Once upon a time in the Old West, Buck Trammel was a Pinkerton agent with a promising future. But after a tragic incident in a case gone wrong, he struck out for the wide-open spaces of Wichita, Kansas. Working as a bouncer at The Gilded Lily Saloon, he hopes to stay out of trouble. But soon enough, his skills are put to the test. Two of the Bowman clan turn a friendly card game with a drunk gambler into a killer-take-all confrontation. Buck saves the gambler’s life, but at the cost of the Bowman men. That’s when Deputy Wyatt Earp arrives. He warns Buck that he’d better get out of town, pronto, and take the gambler with him. The rest is history – if he lives long enough to tell it . . .
The blurb deals with the opening scenes of this fast-moving tale about greed, power and the law. As Trammel and the gambler, Adam Hagen, put distance between themselves and Wichita their true characters slowly emerge and a friendship is formed. Behind them come some of the Bowman’s, desperate for revenge. Other killers are on Trammel’s trail too. The author switches between characters as subplots develop and shape the main storyline.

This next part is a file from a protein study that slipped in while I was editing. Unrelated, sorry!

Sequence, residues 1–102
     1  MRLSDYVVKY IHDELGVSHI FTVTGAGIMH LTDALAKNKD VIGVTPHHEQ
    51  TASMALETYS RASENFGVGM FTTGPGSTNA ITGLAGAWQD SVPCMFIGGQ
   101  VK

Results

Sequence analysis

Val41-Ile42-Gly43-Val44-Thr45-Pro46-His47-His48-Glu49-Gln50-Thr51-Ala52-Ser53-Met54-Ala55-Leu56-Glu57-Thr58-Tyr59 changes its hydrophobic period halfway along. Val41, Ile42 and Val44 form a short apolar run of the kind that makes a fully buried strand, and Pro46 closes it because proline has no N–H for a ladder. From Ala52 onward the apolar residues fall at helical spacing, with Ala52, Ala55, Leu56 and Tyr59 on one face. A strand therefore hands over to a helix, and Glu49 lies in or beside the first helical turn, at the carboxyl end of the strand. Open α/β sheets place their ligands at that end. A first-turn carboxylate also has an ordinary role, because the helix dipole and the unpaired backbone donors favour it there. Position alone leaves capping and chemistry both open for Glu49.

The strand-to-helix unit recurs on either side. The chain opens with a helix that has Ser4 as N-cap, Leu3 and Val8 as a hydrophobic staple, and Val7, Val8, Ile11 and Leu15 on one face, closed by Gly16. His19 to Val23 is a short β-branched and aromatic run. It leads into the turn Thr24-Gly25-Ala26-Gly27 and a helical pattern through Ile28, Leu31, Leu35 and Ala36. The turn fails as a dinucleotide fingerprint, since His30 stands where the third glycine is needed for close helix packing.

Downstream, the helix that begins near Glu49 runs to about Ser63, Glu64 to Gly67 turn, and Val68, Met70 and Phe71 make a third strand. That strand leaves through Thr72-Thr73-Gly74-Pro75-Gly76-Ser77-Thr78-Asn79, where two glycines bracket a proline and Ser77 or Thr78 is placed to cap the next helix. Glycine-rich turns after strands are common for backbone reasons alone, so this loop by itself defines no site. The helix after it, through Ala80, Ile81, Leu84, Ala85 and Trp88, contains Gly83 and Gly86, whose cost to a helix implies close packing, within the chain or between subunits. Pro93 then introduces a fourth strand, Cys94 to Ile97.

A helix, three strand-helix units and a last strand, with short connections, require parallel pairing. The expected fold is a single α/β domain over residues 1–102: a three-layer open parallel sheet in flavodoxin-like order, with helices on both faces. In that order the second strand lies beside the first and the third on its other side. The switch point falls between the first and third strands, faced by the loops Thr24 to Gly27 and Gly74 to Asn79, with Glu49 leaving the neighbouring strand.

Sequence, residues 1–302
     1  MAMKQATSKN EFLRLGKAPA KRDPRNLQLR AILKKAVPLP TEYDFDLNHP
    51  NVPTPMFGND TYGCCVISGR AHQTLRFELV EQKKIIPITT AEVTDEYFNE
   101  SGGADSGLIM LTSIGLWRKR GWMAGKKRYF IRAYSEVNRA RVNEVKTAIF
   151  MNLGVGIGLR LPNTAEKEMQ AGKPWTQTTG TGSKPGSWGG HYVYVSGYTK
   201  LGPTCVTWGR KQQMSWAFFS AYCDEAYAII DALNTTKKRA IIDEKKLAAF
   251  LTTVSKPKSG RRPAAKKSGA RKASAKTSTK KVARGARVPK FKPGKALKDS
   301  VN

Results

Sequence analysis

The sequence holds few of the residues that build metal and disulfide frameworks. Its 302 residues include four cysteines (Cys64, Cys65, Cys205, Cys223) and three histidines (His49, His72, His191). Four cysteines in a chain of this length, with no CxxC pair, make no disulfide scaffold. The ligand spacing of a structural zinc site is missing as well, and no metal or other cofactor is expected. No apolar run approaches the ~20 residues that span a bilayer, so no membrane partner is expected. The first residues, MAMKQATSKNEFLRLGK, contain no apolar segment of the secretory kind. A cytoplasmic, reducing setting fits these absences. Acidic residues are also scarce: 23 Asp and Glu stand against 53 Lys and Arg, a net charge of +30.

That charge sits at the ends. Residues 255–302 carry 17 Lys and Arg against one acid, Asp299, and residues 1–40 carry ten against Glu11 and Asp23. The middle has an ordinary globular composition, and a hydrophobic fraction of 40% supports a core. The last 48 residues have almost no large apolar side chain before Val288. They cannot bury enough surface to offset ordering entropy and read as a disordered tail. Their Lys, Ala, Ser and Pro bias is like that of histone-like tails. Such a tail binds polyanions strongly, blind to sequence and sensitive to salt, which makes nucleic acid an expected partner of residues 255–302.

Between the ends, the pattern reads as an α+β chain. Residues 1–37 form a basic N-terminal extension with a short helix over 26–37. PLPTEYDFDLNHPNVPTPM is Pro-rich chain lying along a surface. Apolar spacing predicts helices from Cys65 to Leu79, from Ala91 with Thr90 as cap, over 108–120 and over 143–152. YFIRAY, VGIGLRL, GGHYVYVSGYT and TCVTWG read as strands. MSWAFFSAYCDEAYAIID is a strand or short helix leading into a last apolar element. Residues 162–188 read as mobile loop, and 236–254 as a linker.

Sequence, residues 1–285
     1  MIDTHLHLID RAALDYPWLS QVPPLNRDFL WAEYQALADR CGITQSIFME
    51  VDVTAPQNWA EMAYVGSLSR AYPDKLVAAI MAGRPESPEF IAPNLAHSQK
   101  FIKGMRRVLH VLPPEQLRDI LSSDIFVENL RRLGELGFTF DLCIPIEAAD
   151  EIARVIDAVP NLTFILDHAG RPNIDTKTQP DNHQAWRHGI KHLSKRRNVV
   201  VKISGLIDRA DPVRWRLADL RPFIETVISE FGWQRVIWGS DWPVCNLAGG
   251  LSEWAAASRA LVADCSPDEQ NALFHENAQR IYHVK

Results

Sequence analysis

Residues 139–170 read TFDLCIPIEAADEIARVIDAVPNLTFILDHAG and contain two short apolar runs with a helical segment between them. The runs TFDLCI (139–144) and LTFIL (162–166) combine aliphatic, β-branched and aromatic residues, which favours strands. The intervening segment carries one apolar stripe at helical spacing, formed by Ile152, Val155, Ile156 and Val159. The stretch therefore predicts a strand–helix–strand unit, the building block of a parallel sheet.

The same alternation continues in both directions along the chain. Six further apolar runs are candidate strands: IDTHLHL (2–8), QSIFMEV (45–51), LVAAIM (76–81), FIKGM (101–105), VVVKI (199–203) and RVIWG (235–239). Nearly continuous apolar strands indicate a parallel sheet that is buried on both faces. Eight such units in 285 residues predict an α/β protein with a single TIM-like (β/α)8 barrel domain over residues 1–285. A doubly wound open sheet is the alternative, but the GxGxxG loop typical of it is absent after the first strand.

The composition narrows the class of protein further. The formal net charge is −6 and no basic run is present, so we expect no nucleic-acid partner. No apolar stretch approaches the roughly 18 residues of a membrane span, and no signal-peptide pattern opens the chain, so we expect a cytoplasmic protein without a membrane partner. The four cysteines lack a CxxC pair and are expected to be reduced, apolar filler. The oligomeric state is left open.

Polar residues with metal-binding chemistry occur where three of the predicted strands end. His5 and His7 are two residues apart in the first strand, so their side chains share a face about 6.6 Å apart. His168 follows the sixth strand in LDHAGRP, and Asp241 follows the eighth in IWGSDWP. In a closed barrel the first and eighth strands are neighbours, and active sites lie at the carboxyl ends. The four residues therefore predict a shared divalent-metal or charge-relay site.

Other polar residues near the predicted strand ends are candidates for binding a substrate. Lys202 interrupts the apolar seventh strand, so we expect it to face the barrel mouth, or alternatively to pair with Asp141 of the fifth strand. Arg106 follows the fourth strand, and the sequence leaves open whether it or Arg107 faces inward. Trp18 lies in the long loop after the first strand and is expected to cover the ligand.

Adam decides he and Trammel should head to the Hagan family home near the town of Blackstone, just North of Laramie, even though he doesn’t think he’ll be welcomed by his cattle baron father. Once they arrive at the Blackstone Ranch the author introduces more complications to the plot that will cause deadly problems for Trammel to overcome. Trammel finds himself appointed Sheriff of Blackstone and is soon involved in plenty of gunplay and powerplays.
As the story races towards its end, it becomes obvious that some of the plot-threads won’t be completely resolved, neatly paving the way for the second book, Bury the Hatchet, a book that I’m sure I’ll be reading very soon as North of Laramie was a very entertaining and enjoyable tale that left me wanting more.